Members of the Second Chamber of the Dutch Parliament at work. (File photo)
THE HAGUE--There is broad support in the Second Chamber of the Dutch Parliament for State Secretary of Home Affairs and Kingdom Relations Raymond Knops’ law proposal to prolong the supervision on the St. Eustatius government while working towards phasing out the Dutch intervention.
Parties represented in the Second Chamber still support the “painful, but necessary” measure in February 2018 to send home the Executive and Island Councils and to appoint a Government Commissioner in an effort to restore order in St. Eustatius and to end what was termed “lawlessness” and “gross negligence” on the part of the then local government.
The intervention by the Dutch government should not last any longer than is necessary, the parties made clear in a document that has been compiled in anticipation of the handling of the proposed Recovery Facilities St. Eustatius Law, submitted to the Dutch Parliament late March 2020.
Parties stated that they were in agreement with the view of the Dutch government that elections for a new Island Council should be called as soon as possible. “The democratic embedding of the St. Eustatius government is a prerequisite for a sustainable return to regular governmental relations,” stated the Christian CDA party.
“For the people of St. Eustatius, it is of great importance that the local democracy is restored as soon as possible. Elections are imperative for the population, because it ensures that they are represented,” stated the Democrats D66.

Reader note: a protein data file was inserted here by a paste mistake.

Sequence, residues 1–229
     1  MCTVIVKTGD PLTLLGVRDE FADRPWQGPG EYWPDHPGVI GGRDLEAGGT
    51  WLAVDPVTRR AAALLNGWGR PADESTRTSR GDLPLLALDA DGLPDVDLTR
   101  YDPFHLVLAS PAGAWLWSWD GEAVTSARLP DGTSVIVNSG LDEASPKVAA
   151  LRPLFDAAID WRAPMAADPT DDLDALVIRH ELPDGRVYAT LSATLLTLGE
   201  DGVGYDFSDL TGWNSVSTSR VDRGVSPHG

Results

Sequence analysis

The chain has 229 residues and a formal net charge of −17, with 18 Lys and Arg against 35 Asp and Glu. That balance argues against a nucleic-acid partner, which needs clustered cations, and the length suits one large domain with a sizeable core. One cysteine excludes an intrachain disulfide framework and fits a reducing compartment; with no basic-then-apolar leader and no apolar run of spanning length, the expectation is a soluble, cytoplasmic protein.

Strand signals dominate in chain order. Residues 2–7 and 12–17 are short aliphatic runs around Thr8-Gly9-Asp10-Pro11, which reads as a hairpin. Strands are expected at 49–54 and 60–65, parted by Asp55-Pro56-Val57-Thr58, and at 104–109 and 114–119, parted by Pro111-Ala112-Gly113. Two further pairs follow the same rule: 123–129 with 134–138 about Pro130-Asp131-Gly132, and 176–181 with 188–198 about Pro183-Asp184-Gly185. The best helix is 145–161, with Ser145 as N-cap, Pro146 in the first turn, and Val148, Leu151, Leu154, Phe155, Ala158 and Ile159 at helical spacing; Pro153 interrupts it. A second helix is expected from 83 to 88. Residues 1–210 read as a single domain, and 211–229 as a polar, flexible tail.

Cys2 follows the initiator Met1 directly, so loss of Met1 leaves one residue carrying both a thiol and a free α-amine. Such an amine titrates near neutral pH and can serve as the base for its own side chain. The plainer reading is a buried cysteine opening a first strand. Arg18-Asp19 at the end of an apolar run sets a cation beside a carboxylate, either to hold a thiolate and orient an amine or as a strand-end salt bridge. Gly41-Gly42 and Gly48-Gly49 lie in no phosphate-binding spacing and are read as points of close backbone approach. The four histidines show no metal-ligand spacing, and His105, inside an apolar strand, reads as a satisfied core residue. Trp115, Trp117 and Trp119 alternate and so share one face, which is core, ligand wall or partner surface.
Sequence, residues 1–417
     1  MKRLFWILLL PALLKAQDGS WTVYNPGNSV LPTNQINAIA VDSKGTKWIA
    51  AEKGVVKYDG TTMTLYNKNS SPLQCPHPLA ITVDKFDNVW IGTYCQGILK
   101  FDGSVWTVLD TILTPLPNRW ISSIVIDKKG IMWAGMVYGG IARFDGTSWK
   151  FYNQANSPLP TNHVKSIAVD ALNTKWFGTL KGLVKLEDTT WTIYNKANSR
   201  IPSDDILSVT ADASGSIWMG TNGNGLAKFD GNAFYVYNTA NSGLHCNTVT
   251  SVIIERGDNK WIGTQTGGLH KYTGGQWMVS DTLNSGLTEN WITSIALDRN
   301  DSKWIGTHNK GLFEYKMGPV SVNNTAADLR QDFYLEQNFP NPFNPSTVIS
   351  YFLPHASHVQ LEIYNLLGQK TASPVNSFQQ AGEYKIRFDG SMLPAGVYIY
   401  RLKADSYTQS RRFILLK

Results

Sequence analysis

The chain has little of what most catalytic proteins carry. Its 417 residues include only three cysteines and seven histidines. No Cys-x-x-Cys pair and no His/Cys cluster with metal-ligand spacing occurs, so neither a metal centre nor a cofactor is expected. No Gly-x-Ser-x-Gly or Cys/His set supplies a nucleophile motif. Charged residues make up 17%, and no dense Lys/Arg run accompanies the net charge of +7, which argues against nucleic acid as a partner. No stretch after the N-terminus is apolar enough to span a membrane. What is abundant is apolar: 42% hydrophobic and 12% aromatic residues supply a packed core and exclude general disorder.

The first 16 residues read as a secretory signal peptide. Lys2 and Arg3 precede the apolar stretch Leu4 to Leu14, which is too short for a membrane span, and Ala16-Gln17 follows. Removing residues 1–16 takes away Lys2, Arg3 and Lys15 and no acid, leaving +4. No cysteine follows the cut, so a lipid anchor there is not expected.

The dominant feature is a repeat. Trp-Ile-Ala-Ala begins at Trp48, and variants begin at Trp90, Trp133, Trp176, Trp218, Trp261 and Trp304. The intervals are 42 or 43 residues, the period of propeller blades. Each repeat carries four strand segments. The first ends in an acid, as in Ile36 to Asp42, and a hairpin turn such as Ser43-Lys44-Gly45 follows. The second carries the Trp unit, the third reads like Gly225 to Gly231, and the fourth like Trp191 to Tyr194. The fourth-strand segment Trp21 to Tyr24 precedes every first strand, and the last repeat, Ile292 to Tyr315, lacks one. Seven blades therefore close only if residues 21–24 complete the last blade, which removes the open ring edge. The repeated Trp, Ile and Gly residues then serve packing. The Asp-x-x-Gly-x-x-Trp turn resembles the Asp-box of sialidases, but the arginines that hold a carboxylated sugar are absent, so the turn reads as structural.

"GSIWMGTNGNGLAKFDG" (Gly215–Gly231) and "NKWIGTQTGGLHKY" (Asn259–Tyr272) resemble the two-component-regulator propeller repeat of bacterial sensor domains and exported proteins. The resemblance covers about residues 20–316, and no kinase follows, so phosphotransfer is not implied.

The Socialist Party (SP) said it agreed with the “growth model” to restore local democracy and have elections as soon as possible. At the same time, the SP agreed with The Hague that it was too early to pull back the Government Commissioner.
The Labour Party PvdA wondered whether having elections in October this year wasn’t “a bit ambitious.” The coronavirus crisis may very well interfere with the election process, and there may be practical consequences for activities such as campaigning. “Daily life has changed for residents as a result of the crisis. How big is the risk that the people are now focusing on getting through this crisis and the (possible) loss of jobs instead of the elections?” asked the PvdA.
The ChristianUnion asked if it was “practically possible” to prepare the elections under the current circumstances.
The SP said it had been a very tough decision in 2018 to “suspend democracy” in St. Eustatius, but that just like all other parties in the Second Chamber, it agreed that the “lawlessness, bad management, intimidation and discrimination on the island could no longer continue.”
According to the PvdA, it is essential that sufficient concrete and tangible results have been achieved if the restoring process is to be successful.